Readings: 

Thurs 2/26 Finish Stats & Start Classification Basic & Metrics 

Description: Discussed the basic process by which classifiers are trained and used, and some of the metrics used to evaluate their success. Talked about the importance of having a train/test set that is separate from the data you experiment on. 
Readings: 
Slides: [Slides]

Tues 3/3 Project I Meetings: 9-12:45

Description: Meetings with Project I Groups to discuss project progress and goals. 

Thurs 3/5 Classification Algorithms

Description: Discussion of Decision Trees, Naïve Bayes, and Regression
http://pdf.aminer.org/001/202/088/evaluating_learning_algorithms_composed_by_a_constructive_meta_learning_scheme.pdf
Homework: Byte 5 Assigned

3/9-3/13: Spring Break

Tues 3/17 Project 1 Poster Session

Thursday 3/19 Infrastructure for Big Data

Description: We talked about infrastructure issues for big data
[Slides
Readings: 

Tues 3/24: Visualizing Big Data

Description: Discussion about Visualization of Big Data & Byte 6 option 1.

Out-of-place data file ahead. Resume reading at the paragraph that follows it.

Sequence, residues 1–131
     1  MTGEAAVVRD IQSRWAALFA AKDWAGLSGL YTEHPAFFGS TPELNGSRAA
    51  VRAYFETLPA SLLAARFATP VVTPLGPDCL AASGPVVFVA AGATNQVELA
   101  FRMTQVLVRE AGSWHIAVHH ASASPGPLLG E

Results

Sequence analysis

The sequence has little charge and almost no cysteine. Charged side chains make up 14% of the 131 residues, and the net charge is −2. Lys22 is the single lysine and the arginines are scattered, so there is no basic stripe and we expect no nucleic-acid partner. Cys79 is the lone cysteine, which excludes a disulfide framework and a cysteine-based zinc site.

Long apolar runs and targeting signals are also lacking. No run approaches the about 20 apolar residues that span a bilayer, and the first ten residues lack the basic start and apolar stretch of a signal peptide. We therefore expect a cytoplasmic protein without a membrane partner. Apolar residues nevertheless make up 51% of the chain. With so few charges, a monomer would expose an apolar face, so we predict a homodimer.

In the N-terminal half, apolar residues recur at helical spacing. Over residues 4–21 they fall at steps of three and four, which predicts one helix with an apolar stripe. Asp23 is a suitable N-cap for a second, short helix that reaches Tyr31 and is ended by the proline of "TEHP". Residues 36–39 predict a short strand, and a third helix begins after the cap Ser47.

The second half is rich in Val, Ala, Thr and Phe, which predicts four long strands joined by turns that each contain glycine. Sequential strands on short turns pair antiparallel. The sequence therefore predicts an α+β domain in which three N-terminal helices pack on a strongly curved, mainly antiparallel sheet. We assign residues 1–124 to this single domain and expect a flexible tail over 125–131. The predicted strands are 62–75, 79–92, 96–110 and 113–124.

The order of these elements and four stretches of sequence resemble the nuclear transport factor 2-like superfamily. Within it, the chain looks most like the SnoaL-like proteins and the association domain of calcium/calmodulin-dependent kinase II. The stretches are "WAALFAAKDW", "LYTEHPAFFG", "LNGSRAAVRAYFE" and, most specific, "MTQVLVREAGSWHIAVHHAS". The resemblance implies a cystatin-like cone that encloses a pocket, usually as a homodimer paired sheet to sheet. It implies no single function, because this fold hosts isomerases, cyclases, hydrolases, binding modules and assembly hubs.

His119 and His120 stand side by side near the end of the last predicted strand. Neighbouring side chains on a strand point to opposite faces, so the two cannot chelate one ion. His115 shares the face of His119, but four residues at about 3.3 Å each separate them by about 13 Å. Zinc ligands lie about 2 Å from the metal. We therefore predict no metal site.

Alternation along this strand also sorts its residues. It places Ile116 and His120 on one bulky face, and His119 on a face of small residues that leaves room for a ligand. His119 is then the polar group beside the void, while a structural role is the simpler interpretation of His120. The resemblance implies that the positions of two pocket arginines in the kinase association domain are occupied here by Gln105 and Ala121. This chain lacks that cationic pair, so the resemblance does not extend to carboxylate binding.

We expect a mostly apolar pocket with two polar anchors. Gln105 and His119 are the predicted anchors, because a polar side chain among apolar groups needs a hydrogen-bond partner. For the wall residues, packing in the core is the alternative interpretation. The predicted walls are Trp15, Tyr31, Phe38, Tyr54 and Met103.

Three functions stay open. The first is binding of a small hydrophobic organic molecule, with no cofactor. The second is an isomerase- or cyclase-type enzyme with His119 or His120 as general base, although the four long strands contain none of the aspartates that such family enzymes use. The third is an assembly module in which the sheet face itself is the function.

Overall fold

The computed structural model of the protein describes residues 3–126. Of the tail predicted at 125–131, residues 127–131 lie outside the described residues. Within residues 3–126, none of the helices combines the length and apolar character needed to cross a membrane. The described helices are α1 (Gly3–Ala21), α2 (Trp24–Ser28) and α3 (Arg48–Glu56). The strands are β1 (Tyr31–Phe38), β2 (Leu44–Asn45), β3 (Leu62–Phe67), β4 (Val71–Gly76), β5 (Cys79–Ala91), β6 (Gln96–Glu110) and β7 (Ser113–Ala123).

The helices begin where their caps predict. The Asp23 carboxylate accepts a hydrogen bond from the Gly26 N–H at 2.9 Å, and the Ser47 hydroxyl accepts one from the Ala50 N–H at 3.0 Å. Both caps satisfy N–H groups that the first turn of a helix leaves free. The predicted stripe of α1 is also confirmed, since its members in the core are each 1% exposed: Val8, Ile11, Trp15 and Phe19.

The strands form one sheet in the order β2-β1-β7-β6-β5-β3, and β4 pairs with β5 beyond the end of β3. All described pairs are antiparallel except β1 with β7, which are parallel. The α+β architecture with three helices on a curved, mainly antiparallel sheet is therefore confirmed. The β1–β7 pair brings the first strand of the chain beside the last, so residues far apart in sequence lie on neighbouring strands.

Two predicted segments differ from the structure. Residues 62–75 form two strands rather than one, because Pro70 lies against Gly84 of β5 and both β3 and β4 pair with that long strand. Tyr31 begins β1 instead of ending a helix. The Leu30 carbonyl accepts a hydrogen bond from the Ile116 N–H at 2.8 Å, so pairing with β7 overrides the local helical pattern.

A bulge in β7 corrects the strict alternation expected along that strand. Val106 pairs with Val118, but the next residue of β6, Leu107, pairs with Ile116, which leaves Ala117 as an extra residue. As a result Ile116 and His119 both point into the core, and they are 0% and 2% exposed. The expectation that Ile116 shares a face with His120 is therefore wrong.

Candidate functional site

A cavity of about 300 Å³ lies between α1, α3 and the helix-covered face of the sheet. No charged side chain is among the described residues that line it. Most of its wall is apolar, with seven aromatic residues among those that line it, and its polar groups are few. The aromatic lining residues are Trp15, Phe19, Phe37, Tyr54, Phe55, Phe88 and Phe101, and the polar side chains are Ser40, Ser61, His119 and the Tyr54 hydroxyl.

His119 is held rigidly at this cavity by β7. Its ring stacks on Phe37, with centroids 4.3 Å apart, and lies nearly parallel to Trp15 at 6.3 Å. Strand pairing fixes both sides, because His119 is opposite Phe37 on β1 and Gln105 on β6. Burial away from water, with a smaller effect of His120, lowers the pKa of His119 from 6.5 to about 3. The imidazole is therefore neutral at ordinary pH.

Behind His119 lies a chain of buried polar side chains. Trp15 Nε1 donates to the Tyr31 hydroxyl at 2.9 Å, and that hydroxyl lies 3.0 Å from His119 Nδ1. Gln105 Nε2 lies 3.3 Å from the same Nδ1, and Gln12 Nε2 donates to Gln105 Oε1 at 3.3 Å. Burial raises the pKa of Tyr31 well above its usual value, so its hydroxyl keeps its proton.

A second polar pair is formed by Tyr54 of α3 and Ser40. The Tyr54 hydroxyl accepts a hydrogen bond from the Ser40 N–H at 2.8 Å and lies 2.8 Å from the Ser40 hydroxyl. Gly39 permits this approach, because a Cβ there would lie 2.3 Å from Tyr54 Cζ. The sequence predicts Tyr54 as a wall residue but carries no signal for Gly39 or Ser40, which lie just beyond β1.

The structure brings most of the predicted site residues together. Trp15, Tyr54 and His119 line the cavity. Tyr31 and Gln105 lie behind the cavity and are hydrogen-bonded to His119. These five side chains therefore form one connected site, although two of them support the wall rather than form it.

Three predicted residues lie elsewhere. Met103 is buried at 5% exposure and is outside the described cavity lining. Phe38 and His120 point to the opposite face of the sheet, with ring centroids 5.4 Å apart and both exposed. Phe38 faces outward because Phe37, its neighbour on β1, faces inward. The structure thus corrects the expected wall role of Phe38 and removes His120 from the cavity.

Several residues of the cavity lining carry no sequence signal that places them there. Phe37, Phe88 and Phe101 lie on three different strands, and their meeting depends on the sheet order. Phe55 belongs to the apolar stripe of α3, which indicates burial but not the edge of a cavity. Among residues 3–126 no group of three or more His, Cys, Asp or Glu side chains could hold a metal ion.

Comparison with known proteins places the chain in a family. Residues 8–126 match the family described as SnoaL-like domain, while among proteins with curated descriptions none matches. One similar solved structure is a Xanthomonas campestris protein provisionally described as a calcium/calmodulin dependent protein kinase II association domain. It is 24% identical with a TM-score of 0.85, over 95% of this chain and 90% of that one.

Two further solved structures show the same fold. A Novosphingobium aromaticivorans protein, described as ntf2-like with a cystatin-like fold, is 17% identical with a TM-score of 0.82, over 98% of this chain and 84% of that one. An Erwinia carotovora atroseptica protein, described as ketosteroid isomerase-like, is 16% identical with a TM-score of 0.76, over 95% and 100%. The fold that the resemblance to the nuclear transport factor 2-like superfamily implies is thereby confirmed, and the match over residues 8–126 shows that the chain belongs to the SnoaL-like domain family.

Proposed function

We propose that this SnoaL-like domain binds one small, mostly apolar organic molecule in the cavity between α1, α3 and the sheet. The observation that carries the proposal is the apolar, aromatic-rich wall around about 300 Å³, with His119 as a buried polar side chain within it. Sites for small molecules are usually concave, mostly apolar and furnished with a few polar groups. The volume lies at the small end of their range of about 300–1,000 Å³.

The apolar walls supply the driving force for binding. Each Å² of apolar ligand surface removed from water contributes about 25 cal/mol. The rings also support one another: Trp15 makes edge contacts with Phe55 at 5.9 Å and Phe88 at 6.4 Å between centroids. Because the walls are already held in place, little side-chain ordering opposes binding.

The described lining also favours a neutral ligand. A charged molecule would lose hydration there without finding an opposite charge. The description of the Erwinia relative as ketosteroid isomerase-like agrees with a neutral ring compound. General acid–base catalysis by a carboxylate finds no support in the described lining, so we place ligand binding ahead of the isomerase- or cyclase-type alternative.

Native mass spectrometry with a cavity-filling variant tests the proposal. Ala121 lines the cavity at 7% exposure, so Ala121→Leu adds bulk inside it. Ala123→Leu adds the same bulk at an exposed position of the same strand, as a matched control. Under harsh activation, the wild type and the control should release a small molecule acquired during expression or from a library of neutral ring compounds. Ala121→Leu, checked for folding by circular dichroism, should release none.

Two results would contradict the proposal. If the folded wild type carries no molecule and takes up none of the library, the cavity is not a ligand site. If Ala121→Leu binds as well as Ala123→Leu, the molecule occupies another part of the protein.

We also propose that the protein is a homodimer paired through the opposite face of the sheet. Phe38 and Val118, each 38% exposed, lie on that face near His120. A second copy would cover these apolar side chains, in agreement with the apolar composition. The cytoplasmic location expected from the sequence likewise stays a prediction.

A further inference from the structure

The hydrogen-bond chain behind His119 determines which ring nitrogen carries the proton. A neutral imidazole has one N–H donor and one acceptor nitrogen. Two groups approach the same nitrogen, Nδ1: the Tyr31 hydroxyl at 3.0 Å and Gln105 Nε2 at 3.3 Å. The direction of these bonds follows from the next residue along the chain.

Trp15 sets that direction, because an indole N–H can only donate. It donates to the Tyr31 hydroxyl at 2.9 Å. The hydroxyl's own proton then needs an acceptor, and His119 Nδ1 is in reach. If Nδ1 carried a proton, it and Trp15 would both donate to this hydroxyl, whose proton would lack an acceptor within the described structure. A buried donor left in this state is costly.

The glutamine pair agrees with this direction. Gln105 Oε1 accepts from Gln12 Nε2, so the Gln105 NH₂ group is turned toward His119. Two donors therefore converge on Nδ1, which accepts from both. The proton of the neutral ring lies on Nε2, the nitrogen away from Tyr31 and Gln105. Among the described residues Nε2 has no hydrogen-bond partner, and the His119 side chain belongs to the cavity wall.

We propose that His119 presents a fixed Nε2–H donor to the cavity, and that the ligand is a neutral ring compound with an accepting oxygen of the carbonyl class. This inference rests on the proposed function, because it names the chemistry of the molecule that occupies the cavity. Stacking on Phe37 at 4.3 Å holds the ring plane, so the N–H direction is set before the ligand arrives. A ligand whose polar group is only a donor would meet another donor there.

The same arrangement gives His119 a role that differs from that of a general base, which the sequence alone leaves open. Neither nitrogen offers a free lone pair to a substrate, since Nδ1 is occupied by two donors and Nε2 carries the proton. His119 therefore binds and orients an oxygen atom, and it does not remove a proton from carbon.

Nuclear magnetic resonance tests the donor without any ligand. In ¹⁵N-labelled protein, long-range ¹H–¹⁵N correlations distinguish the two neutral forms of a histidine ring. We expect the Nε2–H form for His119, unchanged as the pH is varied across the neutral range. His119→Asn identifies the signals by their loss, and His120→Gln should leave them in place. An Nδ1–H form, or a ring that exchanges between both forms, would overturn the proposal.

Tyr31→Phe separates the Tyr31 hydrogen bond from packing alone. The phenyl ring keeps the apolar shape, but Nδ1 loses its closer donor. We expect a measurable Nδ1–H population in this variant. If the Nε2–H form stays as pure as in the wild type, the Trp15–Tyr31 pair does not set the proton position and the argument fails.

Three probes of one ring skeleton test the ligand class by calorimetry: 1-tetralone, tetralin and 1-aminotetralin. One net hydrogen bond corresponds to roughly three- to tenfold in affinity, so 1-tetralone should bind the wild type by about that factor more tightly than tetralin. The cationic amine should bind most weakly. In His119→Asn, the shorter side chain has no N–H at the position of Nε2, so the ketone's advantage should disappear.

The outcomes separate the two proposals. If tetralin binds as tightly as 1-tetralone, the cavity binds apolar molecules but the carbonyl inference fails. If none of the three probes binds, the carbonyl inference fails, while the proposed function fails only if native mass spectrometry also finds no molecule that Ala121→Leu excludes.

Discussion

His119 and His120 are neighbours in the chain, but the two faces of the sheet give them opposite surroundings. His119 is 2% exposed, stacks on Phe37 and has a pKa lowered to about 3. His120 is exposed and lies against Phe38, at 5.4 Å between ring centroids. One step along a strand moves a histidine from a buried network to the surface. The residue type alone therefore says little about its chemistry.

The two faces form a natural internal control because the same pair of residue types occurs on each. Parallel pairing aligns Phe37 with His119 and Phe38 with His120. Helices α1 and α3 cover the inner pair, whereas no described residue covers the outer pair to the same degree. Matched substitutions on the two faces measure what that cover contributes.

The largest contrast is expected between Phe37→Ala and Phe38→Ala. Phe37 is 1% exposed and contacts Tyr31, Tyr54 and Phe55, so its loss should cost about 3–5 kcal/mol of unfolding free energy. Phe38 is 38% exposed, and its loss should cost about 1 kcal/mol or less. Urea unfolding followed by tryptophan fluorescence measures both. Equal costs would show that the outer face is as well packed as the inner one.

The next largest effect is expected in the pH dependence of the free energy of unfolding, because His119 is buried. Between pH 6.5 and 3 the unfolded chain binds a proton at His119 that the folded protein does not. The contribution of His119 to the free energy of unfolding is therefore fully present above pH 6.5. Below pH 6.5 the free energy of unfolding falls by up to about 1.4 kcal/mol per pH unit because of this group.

Readings:

Thurs 3/26: Social Network Analytics 

Description: Discussion of social network analytics 
[Slides][Description of Byte 6 -- social networking]
Readings: 

HW: Byte 5 Due; Byte 6 Assigned

Tues 3/31: Guest Lecture: Afsanah Doryab (Tracking Individual Behavior)

Description: 
[Slides]
Readings: None

Thurs 4/2: Final Project Planning (Individual Meetings 9-12)

Tues 4/7: Guest Lecture: Aaron Steinfeld (Tiramisu) 

HW: Byte 6 Due
Description: The focus of the lecture was on the issues faced when crowdsourcing. Slides available on Blackboard. 
Readings: Tomasic et alMotivating Contribution in a Participatory Sensing System via Quid-Pro-Quo. To Appear in CSCW 2014. [Blackboard]